Tomato Terminology

A Celebration of Heirloom Tomato Varieties from Around the World

 

Tomato Terminology

The following is a list of tomato terms I assembled to provide you useful information while you shop for the most suitable varieties of tomatoes for your garden.

Beefsteak - A type of tomato rather than a variety (although there really is a particular variety named 'Beefsteak.') Usually considered a large, irregular shaped tomato with solid flesh.

Cotyledons - The first leaves formed from the seed.

Crack Resistant - A tomato that inherently resistant to cracking, a problem usually caused where rain falls sporadically, or where there is excessive rain.

Cultivar - The variety of a plant. However, technically there is a difference between cultivar and variety. Cultivar is considered to be a product of intentional breeding whereas Variety is the product of accidental crossing. The terms are commonly used interchangeably.

Determinate - When terminal buds set fruit plant growth stops. Plant needs little or no staking. Harvest is only about a week to ten days.

Globe - A round shaped tomato.

Heirloom - An heirloom is generally considered to be a variety that has been passed down, through several generations of a family because of it's valued characteristics. Since 'heirloom' varieties have become popular in the past few years there have been liberties taken with the use of this term for commercial purposes. Heirloom tomato experts, Craig LeHoullier and Carolyn Male, Ph.D. have classified down heirlooms into four categories:

  1. Commercial Heirlooms: Open-pollinated varieties introduced before 1940.
  2. Family Heirlooms: Seeds that have been passed down for several generations through a family.
  3. Created Heirlooms: Crossing two known parents (either two heirlooms or an heirloom and a hybrid) and dehybridizing the resulting seeds for how ever many years/generations it takes to eliminate the undesirable characteristics and stabilize the desired characteristics, perhaps as many as 8 years or more.
  4. Mystery Heirlooms: Varieties that are a product of natural cross-pollination of other heirloom varieties.

Note: All heirloom varieties are open-pollinated but not all open-pollinated varieties are heirloom varieties.)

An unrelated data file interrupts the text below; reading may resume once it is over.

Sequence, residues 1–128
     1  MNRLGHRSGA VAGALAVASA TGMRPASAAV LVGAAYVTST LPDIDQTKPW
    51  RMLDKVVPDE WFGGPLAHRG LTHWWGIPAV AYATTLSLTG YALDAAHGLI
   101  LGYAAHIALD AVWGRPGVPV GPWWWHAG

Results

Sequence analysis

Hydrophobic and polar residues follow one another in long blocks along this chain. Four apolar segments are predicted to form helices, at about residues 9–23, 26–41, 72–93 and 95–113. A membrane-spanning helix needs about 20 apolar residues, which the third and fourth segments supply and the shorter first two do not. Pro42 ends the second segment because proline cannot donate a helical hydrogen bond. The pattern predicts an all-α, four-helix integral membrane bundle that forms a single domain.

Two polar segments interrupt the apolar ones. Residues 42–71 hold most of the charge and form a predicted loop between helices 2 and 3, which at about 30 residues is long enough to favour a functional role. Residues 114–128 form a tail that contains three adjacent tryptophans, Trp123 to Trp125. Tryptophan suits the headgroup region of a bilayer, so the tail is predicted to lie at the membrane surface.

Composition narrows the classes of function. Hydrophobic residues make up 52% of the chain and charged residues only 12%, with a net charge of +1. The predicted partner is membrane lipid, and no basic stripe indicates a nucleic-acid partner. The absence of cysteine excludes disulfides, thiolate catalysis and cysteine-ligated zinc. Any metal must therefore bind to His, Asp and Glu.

Hybrid pollination - Cross pollination accomplished by removing anthers of parent x before the release of pollen. Y parent's anther tube is opened and pollen removed to deposit on stigma of parent x.

Indeterminate - Plants that will keep growing and producing new blossoms even after fruit set. Harvest may last for several months.

Locules - Chambers within the tomato's fruit that hold the seeds within a jelly-like substance. Most fruits have 2 or more chambers and large fruited varieties have as many as 10.

Lycopersicon esculentum - The genus and species name for Tomato. All plants have a genus and species name, which are indicated in italics.

Maturity - The number of days from transplanting seedling to the first mature fruit. Early-Season varieties generally mature between 55 to 68 days; Midseason varieties- 69 to 79 days; Late season varieties from 80 days and beyond.

Oblate - A slightly flattened round shape of a tomato.

Open-pollinated - Seeds from open-pollinated varieties produce plants and fruit that are identical to their parent. (Note: All heirloom varieties are open-pollinated but not all open-pollinated varieties are heirloom varieties.)

Personal favorite - A variety that has been a favorite through years of growing.

Pollination - Pollen grains released by anther and fall to the stigma, usually of the same flower.

Potato-leaf - Foliage without indentations on leaf margins. Looks similar to leaves of potato plant.

Regular-leaf - Foliage with indentations on the leaf margins.

Semi-Determinate - tomato plants are larger than determinate (bush types) but smaller than Indeterminate plants. These plants usually require staking.

Widely adapted - A variety adapted to growing well in several growing zones.